Allan Henriques, Kathleen McBride, David J. Bromelkamp, Trevor Merrill, and Tony A. Michael
Finding the Elusive Lay Fiduciary
No one knows exactly how many Lay Fiduciaries exist, even though they’re legally responsible for prudently managing trillions of dollars of investments.
And it’s not an easy task to locate them.
In fact, many of them don’t even discern their fiduciary stature or the legal liabilities they face.
Whether they recognize it or not, this eclectic group legally has decision-making authority, oversight and prudent investment management responsibilities for such diverse entities as our retirement plans, nonprofit organizations, health and welfare benefit plans, and various types of trusts and legal authority.
We entrust Lay Fiduciaries with our retirement plans and our gifts to our favorite charities, and they are in charge of our investments and contributions. And if you sponsor a retirement or health and welfare benefit plan for your employees—or serve as a board member or decision-maker for a nonprofit, then you’re likely a Lay Fiduciary.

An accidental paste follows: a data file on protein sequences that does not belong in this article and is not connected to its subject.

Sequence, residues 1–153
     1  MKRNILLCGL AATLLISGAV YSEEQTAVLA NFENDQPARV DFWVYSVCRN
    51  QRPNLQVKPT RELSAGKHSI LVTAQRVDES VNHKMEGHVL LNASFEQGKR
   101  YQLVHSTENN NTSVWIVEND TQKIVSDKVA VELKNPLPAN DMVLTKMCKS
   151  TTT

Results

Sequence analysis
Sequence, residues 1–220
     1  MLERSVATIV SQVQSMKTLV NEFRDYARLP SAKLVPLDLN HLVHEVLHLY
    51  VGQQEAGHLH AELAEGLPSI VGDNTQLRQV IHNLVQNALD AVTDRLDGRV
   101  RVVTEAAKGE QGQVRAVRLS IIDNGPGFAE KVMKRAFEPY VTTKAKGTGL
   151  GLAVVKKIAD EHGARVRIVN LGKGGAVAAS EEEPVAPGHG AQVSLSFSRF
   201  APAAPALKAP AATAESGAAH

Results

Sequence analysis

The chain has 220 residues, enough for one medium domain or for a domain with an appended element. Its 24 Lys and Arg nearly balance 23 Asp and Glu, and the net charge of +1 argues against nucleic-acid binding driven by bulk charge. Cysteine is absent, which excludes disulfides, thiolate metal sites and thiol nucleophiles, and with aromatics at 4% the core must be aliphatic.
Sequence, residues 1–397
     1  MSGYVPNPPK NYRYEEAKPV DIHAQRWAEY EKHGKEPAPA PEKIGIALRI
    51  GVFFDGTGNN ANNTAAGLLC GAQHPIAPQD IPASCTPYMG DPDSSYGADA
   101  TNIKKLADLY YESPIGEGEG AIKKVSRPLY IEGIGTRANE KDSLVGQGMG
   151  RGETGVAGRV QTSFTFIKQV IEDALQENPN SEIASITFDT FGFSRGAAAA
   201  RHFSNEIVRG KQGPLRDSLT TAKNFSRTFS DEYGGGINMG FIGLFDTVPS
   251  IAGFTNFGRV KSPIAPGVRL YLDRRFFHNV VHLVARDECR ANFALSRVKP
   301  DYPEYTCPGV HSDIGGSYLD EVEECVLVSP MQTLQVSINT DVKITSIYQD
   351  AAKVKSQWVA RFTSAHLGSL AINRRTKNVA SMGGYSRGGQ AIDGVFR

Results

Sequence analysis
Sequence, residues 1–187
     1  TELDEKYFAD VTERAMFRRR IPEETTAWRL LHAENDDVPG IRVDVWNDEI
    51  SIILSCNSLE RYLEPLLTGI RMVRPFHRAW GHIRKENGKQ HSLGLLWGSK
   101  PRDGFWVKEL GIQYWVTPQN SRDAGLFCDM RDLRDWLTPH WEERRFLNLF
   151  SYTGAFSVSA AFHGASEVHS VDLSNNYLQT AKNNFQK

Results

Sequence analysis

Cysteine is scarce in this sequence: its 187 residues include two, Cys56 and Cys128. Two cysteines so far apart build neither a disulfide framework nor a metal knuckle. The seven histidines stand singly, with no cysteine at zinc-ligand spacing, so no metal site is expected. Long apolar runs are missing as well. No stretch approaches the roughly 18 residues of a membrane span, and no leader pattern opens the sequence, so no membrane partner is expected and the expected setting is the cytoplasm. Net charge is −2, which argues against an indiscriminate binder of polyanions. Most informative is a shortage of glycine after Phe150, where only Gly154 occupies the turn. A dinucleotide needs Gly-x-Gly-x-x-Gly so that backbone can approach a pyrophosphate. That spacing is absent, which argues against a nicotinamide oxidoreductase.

Typically, Lay Fiduciaries hold “real jobs” (for which they receive compensation) in addition to their “fiduciary jobs” (for which they may have little training and generally don’t receive compensation).
Nonetheless, these “fiduciary jobs” in the United States are responsible for managing an estimated $26.6 trillion of our investments.
All of these generally well-intentioned individuals have at least one thing in common – they’re legally responsible for the prudent management of investments for the benefit of someone else.
Despite these legal responsibilities, there are few legal requirements for training them to do their “fiduciary job” – they’re simply held to the highest standard under the law.
In many instances, they’ve never even been told that they are fiduciaries – or what that means.
Read the full research paper here.